From the 6-8th April, Ewan and I were in Utrecht to attend the BICC meeting (Benelux, Islands, Central Cooperation) which held the theme of refugees.
Arriving in Utrecht, we were ready to meet the other National Youth Councils and begin the sessions. Led expertly by Coco Peet and Max van de Braggen, with help from other members of the NYC it was a professional and well thought out sessions that were treated with incredible respect and dignity.
What we found particularly moving were the talks given by refugees that have moved to Amsterdam, who gave insight into their experiences of moving from a country that wasn’t safe to their new country. Not assimilation but integration. From the discussions arose an interesting point, that whilst the children of refugee families are in school and can access help with language and mental health, the parents are often left forgotten at home with little connection to the outside world. Perhaps access to resources such as language can be looked at, in order to allow adult refugees to learn and feel a greater sense of stability.
We also met to discuss and analyse the result of our National dialogue sessions, where each NYC discussed with migrants of their own country the challenges and experiences they face in everyday life. We received feedback on the answers we gave and discussed the outcomes of the dialogue, and how opinions of migration differed in each country. The provision of help and the attitudes towards refugees differed from country to country and it was beneficial to hear these stories from the perspective of a migrant.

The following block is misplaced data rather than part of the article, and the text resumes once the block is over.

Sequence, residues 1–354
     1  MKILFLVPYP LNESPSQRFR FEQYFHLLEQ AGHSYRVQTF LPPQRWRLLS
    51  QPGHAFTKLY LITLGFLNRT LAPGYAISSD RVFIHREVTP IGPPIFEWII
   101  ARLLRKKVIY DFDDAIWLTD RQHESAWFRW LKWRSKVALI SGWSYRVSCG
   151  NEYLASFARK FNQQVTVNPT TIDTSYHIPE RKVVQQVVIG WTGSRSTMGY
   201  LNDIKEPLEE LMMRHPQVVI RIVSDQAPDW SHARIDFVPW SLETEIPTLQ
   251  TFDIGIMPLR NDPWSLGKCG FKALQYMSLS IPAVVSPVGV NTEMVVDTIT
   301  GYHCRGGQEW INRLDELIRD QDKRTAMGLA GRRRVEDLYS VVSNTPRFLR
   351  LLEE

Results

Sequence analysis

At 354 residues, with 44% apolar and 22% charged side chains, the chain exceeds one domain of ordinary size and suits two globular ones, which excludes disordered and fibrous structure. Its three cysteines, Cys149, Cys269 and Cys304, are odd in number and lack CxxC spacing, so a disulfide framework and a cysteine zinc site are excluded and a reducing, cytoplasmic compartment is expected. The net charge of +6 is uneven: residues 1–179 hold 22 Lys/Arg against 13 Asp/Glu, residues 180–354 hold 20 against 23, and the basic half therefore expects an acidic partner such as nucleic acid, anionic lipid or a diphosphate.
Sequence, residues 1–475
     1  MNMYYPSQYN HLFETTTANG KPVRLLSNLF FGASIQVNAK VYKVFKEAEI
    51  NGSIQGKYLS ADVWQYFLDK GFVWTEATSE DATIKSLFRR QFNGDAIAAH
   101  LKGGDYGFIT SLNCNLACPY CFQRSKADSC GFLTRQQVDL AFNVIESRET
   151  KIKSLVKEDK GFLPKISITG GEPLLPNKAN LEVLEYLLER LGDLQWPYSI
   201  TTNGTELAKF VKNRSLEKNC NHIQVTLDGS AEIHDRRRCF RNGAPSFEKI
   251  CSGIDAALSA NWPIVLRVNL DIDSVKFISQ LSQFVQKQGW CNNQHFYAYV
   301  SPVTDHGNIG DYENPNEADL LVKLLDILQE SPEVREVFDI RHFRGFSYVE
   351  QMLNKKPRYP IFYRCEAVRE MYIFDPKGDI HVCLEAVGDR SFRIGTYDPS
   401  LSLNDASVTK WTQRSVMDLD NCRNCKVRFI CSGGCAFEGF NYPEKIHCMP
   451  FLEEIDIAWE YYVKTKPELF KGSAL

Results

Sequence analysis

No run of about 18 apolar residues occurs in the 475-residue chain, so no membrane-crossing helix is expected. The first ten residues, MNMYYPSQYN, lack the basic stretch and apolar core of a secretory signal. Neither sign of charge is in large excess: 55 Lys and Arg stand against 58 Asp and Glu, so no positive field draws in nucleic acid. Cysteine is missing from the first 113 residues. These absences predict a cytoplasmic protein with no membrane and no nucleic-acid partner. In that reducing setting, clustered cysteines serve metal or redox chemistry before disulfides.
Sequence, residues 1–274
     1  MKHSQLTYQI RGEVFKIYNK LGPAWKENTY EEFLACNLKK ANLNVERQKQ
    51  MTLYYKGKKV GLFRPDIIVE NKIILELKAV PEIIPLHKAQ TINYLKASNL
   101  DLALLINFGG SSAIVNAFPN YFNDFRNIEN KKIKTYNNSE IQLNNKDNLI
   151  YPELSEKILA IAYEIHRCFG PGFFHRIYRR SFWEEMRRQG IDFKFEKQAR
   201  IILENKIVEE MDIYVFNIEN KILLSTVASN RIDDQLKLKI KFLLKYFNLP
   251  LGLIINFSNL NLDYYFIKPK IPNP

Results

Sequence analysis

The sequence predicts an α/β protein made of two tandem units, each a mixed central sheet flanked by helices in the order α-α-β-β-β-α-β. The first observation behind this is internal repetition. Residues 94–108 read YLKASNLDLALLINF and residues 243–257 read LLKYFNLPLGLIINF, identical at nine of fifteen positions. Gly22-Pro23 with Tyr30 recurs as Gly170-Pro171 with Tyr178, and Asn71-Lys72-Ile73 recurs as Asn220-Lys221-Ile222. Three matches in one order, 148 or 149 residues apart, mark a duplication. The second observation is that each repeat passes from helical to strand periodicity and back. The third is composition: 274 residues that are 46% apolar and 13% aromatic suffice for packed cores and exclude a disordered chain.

We also worked on two policy papers, giving our opinions to then be turned into amendments for consideration at the Council of Members meeting. The papers were 2020 MFF and a paper on Sustainable Development. Both meetings resulted in diverse and thorough questions to emerge, which will be put forward as amendments later this month.
Finally, we looked at the methods we could use in our own countries to increase help given to migrants and refugees. We split the challenges that most commonly arose from the national dialogue sessions into different categories and then each NYC contributed to the lists with their country’s policy in mind. This allows us to take actionable steps to improve our services for migrants and refugees in our respective countries.
This was an incredibly moving and insightful meeting, that I have taken many new ideas and opinions from. Hopefully, moving forward, we can make Britain a more welcoming and open place for all.
UKYA for the European Youth Forum